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  Reagan Eighties

Say No to this Drug cover art

Title: Say No to this Drug
Catalogue Number: No catalogue number
Review Format: Compact Disc
Release Year: 2007


Well, what happened in the Eighties? It is one of those questions that people ask the Bluesbunny. That question usually makes us think of other questions like what happened to John Hughes, the seminal teen filmmaker of that era (we actually know the answer to that one and it involves a big dog). Musically, it was not the best of times as they say. Inspiration had been replaced by stadium rock and satin tour jackets. All the more unusual then that the Reagan Eighties have decided to revisit this decade as their inspiration on these synth powered six tracks.

It's all good fun, though. Driven along by cheesy synth riffs and some classy skin beating, this band produce the kind of music that Bluesbunny (vaguely) remembers dancing to way back in his dim and distant past. Take "Discotheque, Baby, Discotheque!" for example. This is the kind of song that would have given the Tubes a good name. . Having no respect whatsoever for modern musical trends, it goes for gold. "Midnight on the Garden of Good and the Lesser of Two Evils" is a lyrical highlight with some intelligent points made on how people's lives can become reflections of what they watch on television. The best track, however, would be the manic "You Think You're so Modern (But You're Such a Pre-Madonna)" with its "Just Say No to This Drug" hook. This song also produced a fairly embarrassing public display of old man dancing from the Bluesbunny with an equally embarrassing sing-along moment.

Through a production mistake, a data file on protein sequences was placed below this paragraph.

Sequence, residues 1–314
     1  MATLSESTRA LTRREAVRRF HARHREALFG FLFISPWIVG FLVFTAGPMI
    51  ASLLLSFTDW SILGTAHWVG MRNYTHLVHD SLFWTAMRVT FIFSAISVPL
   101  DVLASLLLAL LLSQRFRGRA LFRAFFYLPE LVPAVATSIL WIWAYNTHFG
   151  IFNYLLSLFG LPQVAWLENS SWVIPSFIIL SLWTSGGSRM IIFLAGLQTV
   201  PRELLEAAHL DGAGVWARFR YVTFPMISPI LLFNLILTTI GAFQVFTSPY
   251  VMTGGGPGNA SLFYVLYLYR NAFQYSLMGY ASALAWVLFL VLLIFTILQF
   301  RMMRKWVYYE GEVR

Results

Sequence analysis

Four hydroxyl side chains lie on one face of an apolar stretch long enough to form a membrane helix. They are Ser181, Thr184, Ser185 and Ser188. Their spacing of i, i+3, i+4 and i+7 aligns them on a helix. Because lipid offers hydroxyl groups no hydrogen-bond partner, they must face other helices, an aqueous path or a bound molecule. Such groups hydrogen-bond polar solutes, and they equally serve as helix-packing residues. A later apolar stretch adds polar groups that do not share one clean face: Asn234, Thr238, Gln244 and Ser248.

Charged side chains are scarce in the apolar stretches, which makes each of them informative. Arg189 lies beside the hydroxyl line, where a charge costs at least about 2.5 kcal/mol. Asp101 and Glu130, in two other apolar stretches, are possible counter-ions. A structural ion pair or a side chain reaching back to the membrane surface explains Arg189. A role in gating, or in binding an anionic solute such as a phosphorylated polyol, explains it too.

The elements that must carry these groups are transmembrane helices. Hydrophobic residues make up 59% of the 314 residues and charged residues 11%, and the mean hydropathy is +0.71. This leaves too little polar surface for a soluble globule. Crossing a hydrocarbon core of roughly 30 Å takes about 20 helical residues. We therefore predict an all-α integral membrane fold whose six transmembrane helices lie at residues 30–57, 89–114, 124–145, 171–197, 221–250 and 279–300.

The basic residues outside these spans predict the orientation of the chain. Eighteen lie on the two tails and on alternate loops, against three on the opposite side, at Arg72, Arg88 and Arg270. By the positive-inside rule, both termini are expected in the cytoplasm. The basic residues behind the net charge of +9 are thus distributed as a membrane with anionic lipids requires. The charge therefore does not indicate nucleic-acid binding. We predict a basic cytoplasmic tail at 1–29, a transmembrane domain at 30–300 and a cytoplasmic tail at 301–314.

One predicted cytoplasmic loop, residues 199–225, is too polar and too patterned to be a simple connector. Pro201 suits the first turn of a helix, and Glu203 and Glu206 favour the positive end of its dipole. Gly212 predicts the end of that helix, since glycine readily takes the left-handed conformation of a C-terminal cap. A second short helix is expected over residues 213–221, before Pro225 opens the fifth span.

There is much to enjoy here. You don't even have to be of a "certain age" to join in the fun. Pop culture references to modern times abound. It is all done, however, with humour and a not inconsiderable amount of energy. Bluesbunny likes music that makes him smile and this CD certainly did that. Now that Bluesbunny thinks about it, he wonders if "Xanadu" has ever been released on DVD.


Rating: 4 carrots
Website: www.thereaganeighties.com
Reviewer:
Review Date: June 20, 2007

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